Top 6 tips for being a better, healthier creative
For artists and designers to set themselves on the path to success, it’s important they take care of themselves—not just physically, eating healthy foods and exercising, for example, but also by prioritizing emotional and mental health. For students, this can look like putting into place healthful and restorative practices that encourage making the time to relax and seek inspiration.
Practicing Healthy Creativity, as we call it here at CCAD, can alleviate stress and anxiety and encourage a holistic approach to wellness that ultimately benefits you both as an individual and as an artist or designer. Here are our top six tips from Columbus College of Art & Design students and alumni on how to thrive creatively while navigating the stresses and demands of real life.
“Find time for daily research in meditation and having a routine of weekly exercise to help your mind grow. Have a healthy mind and body to clear an intuitive path for you and the art you create.” —Ryan Orewiler
CCAD alum Ryan Orewiler (Illustration, 2004) uses his art to help others heal. After years of working to understand how to maintain balance in body, mind, and spirit through reiki sessions, in 2020, he designed and, with the help of others, painted a mural based on holistic practices, with the intent to help other people heal mentally and physically. At 75-feet-by-15-feet, Chakra Mural is striking presence at 492 E. Mound St. in downtown Columbus. The chakras, an ancient Sanskrit term used by yogis, describe energy centers throughout the body. To complement the mural, reiki master Darsy Amaya recorded podcast episodes offering guided meditations for each chakra.
“It is crucial to inspire others through this process of artistic growth,” Orewiler says.
“Watching my plants grow and taking care of them reminds me that to create something beautiful, you have to take care of it.” —Jesamie Houghtby
During their time at CCAD, recent grad and co-valedictorian Jesamie Houghtby (Fashion Design, 2021) was co-leader of Deep Roots, the school’s gardening club. Houghtby was first drawn to plants during a rough patch in terms of mental health.
“I bought a plant and it made me really happy, so I kept planting and before you know it I was surrounded!” Houghtby says. “Caring for my plants helped me care for myself and visualize my growth.”
“If I’m in the studio mode, I take a lot of breaks. I think it’s huge to come up for air.” —Cameron Granger
Artist and videographer Cameron Granger (Cinematic Arts, 2016) is a high-achieving alum. His work for the Wex, Columbus Museum of Art and more earned him a spot on Forbes’ “30 under 30” list. In the studio, his work tackles weighty subject matters, and he keeps himself going by stepping away when it feels necessary for his own well being. For Granger, this can look like not working past a certain time, setting working hours for himself, and blocking time out to work out.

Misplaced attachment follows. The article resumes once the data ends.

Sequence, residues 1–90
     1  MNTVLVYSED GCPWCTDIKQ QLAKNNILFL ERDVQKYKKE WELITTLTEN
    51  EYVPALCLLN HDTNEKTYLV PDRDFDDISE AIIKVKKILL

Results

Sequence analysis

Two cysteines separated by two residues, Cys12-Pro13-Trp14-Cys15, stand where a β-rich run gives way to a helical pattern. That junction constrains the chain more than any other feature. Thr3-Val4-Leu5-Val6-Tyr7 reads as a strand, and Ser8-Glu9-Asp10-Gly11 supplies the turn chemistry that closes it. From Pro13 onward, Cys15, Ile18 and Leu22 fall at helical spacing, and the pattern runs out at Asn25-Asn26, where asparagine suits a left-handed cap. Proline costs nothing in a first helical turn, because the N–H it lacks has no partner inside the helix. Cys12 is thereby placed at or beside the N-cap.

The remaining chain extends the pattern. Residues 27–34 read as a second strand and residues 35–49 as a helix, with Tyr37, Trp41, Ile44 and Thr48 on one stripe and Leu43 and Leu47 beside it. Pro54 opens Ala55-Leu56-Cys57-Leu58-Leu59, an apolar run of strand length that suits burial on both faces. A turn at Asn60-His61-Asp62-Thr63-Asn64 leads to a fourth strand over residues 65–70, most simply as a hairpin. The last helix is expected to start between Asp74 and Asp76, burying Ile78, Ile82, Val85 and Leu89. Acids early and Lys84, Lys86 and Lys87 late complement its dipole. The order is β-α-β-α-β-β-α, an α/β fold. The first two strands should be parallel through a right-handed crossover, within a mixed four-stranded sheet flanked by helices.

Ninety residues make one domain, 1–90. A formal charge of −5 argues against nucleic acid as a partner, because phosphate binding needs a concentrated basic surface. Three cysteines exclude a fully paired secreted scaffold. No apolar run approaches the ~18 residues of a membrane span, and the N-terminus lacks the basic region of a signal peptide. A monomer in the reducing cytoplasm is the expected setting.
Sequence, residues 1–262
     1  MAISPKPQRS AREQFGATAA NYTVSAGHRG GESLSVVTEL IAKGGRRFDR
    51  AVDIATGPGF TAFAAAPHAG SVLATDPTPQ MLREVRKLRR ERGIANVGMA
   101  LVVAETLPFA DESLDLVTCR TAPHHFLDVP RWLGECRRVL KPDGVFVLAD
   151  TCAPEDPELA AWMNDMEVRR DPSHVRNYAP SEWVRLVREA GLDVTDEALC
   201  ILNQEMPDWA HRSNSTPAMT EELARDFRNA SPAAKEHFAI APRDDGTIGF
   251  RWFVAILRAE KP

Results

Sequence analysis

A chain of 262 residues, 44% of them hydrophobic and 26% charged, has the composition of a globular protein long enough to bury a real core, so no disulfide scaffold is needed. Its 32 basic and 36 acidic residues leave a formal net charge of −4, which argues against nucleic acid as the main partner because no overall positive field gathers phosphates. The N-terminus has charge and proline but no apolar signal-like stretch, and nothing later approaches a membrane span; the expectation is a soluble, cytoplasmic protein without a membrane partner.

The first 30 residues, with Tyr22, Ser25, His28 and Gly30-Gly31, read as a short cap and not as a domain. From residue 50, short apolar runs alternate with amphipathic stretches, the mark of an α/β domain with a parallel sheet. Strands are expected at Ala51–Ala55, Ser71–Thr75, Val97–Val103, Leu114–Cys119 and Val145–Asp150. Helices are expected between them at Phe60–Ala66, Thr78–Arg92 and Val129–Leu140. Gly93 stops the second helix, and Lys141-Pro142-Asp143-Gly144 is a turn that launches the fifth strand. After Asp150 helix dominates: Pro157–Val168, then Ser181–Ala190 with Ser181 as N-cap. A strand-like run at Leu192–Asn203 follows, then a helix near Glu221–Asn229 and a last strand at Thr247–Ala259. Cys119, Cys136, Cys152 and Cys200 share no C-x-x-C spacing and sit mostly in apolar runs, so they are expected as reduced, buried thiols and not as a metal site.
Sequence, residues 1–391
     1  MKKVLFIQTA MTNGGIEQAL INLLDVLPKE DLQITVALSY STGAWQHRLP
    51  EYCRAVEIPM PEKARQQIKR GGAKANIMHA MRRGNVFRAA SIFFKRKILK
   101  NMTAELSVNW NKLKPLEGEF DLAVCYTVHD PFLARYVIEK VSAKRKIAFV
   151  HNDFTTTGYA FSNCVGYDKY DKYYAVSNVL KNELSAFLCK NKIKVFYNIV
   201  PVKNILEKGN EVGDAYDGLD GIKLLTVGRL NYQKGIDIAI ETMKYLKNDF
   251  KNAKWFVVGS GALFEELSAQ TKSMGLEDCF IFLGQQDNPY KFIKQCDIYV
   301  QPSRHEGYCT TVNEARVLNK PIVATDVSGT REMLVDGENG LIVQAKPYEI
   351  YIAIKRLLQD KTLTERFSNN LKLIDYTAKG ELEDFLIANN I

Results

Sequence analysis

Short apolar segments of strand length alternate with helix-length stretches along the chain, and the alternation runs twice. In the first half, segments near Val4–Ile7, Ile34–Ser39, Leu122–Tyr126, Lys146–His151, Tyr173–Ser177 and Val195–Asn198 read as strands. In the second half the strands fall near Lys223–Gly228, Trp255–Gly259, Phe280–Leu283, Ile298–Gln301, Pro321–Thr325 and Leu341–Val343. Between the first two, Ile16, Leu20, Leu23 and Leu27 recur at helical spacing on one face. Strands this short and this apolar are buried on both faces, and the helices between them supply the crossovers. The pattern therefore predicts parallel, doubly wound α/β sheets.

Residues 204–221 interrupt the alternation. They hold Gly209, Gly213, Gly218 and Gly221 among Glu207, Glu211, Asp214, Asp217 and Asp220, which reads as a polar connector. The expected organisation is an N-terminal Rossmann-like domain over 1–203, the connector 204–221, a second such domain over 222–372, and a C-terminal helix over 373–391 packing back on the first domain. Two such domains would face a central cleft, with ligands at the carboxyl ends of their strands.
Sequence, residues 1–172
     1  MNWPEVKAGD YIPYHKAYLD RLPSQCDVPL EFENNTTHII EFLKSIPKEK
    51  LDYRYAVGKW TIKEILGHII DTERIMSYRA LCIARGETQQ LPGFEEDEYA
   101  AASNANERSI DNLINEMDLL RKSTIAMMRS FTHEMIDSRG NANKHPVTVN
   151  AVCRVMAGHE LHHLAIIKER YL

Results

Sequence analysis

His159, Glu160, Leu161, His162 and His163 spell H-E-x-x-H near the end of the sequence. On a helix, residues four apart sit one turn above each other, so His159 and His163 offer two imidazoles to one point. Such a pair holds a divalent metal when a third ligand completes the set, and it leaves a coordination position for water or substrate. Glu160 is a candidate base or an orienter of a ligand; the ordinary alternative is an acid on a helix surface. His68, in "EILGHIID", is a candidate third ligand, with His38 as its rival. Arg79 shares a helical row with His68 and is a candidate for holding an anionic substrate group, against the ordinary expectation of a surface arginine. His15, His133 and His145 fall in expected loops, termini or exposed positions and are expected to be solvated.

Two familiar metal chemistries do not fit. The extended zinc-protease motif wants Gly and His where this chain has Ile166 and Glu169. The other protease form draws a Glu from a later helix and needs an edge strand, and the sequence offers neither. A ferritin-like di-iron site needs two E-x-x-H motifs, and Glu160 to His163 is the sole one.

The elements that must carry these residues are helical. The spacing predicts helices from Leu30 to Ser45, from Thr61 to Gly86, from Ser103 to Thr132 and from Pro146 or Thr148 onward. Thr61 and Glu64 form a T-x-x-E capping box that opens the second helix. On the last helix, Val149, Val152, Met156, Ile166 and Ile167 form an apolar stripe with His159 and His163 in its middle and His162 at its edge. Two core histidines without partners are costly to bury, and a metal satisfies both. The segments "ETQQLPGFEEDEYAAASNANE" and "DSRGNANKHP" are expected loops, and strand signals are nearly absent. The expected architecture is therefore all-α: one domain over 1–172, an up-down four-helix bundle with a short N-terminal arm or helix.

“You can’t make good art if you’re not taking good care of yourself,” Granger says.
“I like to be consistently working on projects, but I find if I only do one at a time I get burnt out.” —Maya Pinz
For CCAD student Maya Pinz (Illustration, 2024), Healthy Creativity is about balancing personal work and school work. It’s important for her to have multiple projects going at any one time, that way, when the urge to be creative strikes, she can choose the one that resonates most at that particular moment.
“Our bodies have a living history, and what yoga helps do is reconnect you with your body in a gentle and healthy way that strengthens you, gives you balance and focus, and helps your blood flow and oxygenate.” —Bobby Silver
Restaurateur and CCAD grad Bobby Silver (Fine Arts, 1999), co-owner of Yellow Brick Pizza, first turned to yoga in his late 30s when he was experiencing a lot of body pain. He didn’t understand the mental and emotional component until well into his journey, but after a long history of struggling with depression and addiction, he found practicing yoga and meditation helped teach him how to heal himself without going to the doctor.
“Think of it as preventative health care,” Silver says. “We can’t seem to make the problems go away, but this is one of the better ways I’ve found to deal with them.”
“I enjoy creating in spaces where I get to be around other people and coexist.” —Kale Lewis
For CCAD student Kale Lewis (Illustration, 2024), Healthy Creativity means creating in spaces around other people and finding a community that offers unconditional and authentic support. Lewis enjoys practicing multiple forms of creativity simultaneously, and draws inspiration and energy from making art in proximity to and in community with other artists.
Learn more about CCAD’s Healthy Creativity initiative. Learn about the Fashion Design, Film & Video, Fine Arts, and Illustration majors at CCAD or apply here.
Illustrations by Carlisa Hayes (Graphic Design, 2020)